As Illinois’ unfriendly business climate has pushed large companies to leave the state or significantly reduce their corporate presence, members of the Senate Republican Caucus shared a package of business advocacy initiatives to help Illinois better compete, create jobs, and boost its economy.
“Illinois is rich with potential, an educated workforce, and a long history of innovation,” said Senate Republican Leader John Curran (R-Downers Grover). “Unfortunately, in 2021, in response to the defeat of the Progressive Income Tax Amendment, the Governor and the Democratic Majority passed a series of tax increases on Illinois businesses that continue to hold our job creators and job seekers back. Today we are here to advocate for policy solutions to help Illinois attract and retain businesses and investment in our communities.”
Leader Curran discussed Senate Bill 1810, which removes the $100,000 cap on the Net Operating Loss deductions on December 31, to help businesses invest and grow their organizations without revenue loss to the state.
Senator Win Stoller (R-Peoria), a business owner himself, introduced Senate Bill 1406 that makes good on the repeal of the franchise tax that the Governor and Democratic Majority stopped in 2021. The franchise tax includes three different taxes on money used to build a business as opposed to revenue or even net worth. Illinois is in the minority of states that impose such a tax.
“Our focus must be on enacting policies that attract and keep businesses in Illinois rather than discourage growth,” said Stoller. “Getting rid of the franchise tax removes a barrier that punishes employers for building their businesses in Illinois.”
Another measure that aims to attract and retain businesses in Illinois is Senate Bill 2140, proposed by Senator Andrew Chesney (R-Freeport), which would reduce the filing fee for limited liability corporations by 50 percent. Chesney also cosponsored Senate Bill 140 that eliminates the Estate Tax for persons dying on or after the effective date, or for transfers made on or after the effective date.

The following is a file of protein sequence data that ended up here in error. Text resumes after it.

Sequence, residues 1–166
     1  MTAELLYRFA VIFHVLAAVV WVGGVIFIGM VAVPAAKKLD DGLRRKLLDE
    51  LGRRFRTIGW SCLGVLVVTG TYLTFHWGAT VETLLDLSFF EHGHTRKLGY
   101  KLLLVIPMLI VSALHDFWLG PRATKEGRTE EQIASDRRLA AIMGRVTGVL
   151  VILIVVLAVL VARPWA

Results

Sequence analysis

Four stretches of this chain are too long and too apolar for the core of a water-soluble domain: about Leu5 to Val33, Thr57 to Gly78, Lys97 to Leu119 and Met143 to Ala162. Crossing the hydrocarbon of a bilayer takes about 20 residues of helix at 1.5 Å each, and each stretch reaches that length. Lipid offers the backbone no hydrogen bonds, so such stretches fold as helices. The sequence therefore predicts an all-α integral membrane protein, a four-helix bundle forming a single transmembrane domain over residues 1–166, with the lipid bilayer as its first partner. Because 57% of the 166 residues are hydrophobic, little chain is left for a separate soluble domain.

“Illinois can and must do more to let businesses know that we value them and appreciate their decisions to locate and operate in the State of Illinois. Unfortunately, the policies coming out of Springfield convey just the opposite. We make our business owners jump through an inordinate number of hoops and we wrap them up in red tape,” said Chesney. “Rather than stifling the state’s job creators, let’s help them grow.”
The goal of Senate Bill 2075, proposed by Senator Seth Lewis (R-Bartlett), is to support and retain the state’s legacy businesses. Lewis’ legislation would create a legacy tax credit for companies headquartered in Illinois, along with employee tax credits.
“We all live here because we either love Illinois, believe in its potential, or both. Our state has so much to offer. It is located in the heart of the nation, and it is a major transportation hub with state-of-the-art institutions and an educated citizenry that wants to work in a rewarding career. There is no reason why we cannot be a leader in the Midwest and nation for job creation and stability,” said Lewis. “This bill is one example of how we can make Illinois a place where people want to live, not leave.”
Senator Don DeWitte (R-St. Charles) has introduced several pieces of legislation poised to support job creators and spur innovation. His bills include Senate Bill 163, a tax credit to fund research and development, and Senate Bill 2084, which creates the Illinois Innovation Tax Credit.
“Rather than putting laws in place that push our job creators to take their business and jobs to other, more business-friendly states, we need to support them. We don’t just want businesses to locate in Illinois; we should incentivize them to grow and thrive here,” said DeWitte. “By unleashing the entrepreneurial spirit through R & D tax credits, we are encouraging individuals and corporations with great ideas to act, launch, and expand businesses right here in Illinois.”